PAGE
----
It always amazes me how out of control I can feel in certain areas of my life. Take eating for example, or being critical, or ignoring my housework. How is it that we spend our whole lives trying to control our external circumstances, yet we can feel completely out of control in our habits and our behaviours?
I can manipulate and control my life to look good on the external, but have such lack of control with the internal. Do you ever feel this way?
Many people who struggle with anxiety, depression, or stress tend to mask it with food. We live in a culture with the attitude of “I deserve this”. For example, “I deserve to sit in front of the TV and eat cheesecake, buttery popcorn and 2 glasses of wine, I had a long day” (True story.) However, the truth is, we deserve to live a healthy, and vibrant life free from bondage, and self inflicted harm.
Marketers know we think we deserve this…
Do what tastes right
Sometimes you’ve got to break the rules
Have a break, have a Kit Kat
– Kit Kat
Hungry? Why wait?
When I was in the thick of anxiety, I could not eat for the life of me, and I lost a lot of weight because of it. It wasn’t a healthy weight loss, and it was not helping my failing mind one bit. I was starved for nutrition. As I began to force feed myself I soon found comfort in carbs. If I was feeling rattled, a piece of bread would instantly calm me down, or a slice of cheese would help me sleep. I slept with food by my bed side, incase I woke up with an anxiety attack.
I do believe in that season my body and mind actually needed the constant nutrition to keep me stable, but eventually, as I began to mellow out, I continued a relationship between anxiety and food. Within 6 months I gained 20 pounds.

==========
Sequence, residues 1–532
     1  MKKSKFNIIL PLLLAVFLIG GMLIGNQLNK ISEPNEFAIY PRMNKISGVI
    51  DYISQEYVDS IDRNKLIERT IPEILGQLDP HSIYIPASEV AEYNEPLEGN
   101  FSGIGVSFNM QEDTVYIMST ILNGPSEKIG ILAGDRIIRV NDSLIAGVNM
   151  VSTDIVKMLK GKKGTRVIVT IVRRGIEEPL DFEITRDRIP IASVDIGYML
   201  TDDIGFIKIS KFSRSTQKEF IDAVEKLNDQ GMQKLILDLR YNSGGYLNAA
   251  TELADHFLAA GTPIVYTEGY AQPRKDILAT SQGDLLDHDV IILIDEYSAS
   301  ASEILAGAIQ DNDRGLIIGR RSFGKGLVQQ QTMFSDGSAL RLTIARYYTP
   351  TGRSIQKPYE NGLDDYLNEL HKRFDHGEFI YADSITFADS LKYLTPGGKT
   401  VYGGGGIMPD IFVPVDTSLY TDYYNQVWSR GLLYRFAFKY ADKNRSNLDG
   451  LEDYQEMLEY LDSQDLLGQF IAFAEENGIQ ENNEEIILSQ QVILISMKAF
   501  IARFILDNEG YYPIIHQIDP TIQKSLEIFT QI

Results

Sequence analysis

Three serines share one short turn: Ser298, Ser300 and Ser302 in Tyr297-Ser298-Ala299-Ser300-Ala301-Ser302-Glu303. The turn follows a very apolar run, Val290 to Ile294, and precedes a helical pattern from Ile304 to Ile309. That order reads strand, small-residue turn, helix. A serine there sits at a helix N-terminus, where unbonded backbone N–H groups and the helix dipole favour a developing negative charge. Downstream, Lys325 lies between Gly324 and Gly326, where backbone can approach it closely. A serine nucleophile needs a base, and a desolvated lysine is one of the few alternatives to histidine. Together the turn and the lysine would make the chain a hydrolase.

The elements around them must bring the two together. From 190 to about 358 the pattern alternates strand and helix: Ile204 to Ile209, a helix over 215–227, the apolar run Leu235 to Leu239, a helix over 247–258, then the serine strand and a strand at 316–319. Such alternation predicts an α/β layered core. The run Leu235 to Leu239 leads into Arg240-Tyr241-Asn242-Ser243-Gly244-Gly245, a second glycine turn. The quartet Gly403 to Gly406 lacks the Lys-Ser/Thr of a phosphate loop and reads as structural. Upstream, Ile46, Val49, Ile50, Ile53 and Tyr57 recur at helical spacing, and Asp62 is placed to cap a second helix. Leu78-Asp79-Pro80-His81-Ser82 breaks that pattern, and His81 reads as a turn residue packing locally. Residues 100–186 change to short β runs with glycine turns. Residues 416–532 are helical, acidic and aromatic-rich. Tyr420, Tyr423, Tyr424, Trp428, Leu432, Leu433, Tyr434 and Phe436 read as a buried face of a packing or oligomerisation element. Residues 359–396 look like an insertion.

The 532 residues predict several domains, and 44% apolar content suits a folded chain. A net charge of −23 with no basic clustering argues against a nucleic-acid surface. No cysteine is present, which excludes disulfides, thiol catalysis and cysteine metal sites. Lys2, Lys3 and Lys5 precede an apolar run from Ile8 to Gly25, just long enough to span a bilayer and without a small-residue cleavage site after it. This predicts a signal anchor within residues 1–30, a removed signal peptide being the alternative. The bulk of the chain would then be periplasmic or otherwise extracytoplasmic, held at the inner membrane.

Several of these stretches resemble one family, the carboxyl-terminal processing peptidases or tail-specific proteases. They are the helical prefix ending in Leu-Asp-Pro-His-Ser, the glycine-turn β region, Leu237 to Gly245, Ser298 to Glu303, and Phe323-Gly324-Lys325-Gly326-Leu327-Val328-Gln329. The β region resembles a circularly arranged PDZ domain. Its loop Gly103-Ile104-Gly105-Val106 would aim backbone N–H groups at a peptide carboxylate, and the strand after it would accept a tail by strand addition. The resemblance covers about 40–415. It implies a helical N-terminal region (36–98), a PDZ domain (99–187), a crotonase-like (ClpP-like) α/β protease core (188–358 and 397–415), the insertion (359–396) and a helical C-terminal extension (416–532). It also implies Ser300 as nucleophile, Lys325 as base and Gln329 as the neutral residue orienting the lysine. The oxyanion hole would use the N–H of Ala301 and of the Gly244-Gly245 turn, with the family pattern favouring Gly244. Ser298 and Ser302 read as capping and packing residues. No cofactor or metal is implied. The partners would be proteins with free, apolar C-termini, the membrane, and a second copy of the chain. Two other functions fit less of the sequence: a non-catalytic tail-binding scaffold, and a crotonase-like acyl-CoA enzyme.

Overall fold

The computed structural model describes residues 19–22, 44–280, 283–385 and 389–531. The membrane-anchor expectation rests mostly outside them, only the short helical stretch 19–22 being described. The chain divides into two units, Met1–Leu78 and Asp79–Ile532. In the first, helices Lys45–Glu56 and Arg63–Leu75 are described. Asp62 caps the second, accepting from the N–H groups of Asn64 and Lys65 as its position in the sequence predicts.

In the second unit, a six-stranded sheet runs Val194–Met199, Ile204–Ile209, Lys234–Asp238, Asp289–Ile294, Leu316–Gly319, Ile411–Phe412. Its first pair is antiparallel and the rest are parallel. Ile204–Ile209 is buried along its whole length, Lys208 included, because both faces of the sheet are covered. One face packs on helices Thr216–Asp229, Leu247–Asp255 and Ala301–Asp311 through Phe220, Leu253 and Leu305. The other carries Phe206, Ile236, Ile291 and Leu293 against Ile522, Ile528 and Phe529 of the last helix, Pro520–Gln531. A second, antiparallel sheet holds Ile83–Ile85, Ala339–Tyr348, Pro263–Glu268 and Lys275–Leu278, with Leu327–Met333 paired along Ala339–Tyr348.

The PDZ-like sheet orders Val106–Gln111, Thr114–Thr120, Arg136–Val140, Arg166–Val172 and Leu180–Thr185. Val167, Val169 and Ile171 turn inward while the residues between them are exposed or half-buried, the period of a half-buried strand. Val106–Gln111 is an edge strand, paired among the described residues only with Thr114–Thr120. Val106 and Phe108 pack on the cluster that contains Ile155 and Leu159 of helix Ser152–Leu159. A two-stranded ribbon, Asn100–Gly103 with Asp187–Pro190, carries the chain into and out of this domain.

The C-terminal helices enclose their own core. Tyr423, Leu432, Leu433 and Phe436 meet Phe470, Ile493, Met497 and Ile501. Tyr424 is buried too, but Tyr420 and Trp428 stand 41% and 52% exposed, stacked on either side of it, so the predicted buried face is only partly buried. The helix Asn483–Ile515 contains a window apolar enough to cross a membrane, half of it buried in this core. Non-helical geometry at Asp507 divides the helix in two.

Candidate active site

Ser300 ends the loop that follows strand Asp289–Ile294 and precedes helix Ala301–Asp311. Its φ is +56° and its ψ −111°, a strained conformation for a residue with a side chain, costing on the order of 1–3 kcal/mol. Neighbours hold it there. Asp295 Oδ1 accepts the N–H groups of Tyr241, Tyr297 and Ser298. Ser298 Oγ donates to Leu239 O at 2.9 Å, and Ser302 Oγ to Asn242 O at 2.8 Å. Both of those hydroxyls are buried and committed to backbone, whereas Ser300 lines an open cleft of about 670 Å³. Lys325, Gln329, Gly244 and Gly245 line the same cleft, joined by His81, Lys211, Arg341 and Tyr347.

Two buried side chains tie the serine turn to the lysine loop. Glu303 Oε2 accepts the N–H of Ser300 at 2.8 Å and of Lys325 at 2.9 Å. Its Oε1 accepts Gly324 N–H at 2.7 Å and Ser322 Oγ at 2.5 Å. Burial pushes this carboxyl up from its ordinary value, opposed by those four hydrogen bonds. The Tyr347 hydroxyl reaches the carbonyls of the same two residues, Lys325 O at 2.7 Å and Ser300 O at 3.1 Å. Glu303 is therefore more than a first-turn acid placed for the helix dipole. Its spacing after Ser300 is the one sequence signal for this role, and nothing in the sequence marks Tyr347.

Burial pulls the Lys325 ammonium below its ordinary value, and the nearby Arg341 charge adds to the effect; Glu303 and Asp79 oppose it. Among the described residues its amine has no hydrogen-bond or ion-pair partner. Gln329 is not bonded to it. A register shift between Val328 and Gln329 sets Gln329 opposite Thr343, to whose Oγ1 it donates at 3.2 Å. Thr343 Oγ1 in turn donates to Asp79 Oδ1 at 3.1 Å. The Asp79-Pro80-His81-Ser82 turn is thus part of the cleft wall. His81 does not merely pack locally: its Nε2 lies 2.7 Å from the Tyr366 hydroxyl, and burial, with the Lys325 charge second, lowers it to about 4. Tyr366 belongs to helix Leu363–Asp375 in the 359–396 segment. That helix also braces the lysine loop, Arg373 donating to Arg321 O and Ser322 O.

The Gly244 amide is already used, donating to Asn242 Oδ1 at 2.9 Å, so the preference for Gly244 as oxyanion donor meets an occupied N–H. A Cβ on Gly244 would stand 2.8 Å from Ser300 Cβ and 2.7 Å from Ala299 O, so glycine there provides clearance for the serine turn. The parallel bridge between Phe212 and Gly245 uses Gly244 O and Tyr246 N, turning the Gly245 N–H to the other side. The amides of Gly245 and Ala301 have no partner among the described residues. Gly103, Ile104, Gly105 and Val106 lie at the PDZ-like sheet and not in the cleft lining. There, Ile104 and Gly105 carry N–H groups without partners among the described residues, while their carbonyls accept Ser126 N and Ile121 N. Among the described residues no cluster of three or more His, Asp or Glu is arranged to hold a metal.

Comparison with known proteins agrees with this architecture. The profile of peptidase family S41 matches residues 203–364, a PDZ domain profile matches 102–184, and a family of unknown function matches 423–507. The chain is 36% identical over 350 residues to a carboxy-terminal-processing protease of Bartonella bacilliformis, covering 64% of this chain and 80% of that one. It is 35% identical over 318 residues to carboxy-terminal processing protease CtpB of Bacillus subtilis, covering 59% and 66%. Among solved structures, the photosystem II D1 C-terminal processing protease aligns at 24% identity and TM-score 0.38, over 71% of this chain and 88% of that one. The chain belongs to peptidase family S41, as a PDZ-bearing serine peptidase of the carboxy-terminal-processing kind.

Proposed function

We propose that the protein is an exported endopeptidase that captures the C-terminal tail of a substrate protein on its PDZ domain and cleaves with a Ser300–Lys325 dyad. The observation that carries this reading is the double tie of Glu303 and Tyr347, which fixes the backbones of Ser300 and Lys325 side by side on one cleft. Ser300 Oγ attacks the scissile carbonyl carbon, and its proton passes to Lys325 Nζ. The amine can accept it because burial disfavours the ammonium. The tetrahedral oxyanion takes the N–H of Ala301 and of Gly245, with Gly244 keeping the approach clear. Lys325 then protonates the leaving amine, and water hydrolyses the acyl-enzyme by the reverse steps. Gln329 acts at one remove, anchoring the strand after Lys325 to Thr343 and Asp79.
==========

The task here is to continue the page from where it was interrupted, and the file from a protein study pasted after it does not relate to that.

I give myself grace for that season and I am now on a journey to reclaim that part of my life back. Hence the pantry full of seeds and painful thighs.
I completely empathize with the emotional eater. Sometimes you just need a break from the whirlwind inside. However, in excess, or with bad choices, we can begin a cycle of bad nutrition that can actually bring on more stress, anxiety, depression, and not to mention the stress caused by low self-esteem and health problems.
Today I want to open our minds up to the idea that it’s not our food that is making us fat, but our thoughts.
Every action or reaction begins with a thought.
“I’m hungry – I don’t want to wait”
“I’m so mad at Betsy, I’m getting a donut!”
“Worst day ever! Pass the chips.”
The reason us emotional eaters never find much success in our diets is because we work on the external to the point we give up, because our thoughts always win. We count calories , starve, go to meetings, and run like a mad woman, and then we hit a bump, a crisis, a busy week and we fall off the wagon. I know the cycle, and during this whole regime our thoughts hate us! “This is torture!” “I wish I could eat that and not get fat” “why do I have to try so hard?” “How am I going to resist the birthday cake?”
Do you notice a lot of negative thoughts surrounded by our external self-discipline? Eventually that will dominate and you’ll quit.
We need to stop the dieting and start taking our thoughts captive, we need to stop menu planning and start thought planning, we need to stop running and start resting our minds. When we get to a place where our thoughts are in alignment with our weight goals then we will find lasting success.
So here is a challenge for us, be aware of our thoughts, write them down. What do we tell ourselves before we have a 2nd piece of dessert, or what do we tell ourselves when we feel depressed and the food comfort idea pops in our heads?
I began reading a book on my kindle called The Thin Woman’s Brain: Re-wiring the Brain for Permanent Weight Loss. It’s basically cognitive behavioural therapy for weight loss. I recommend it, if you recognize that your thoughts are making you fat.
Here’s to wellness!!!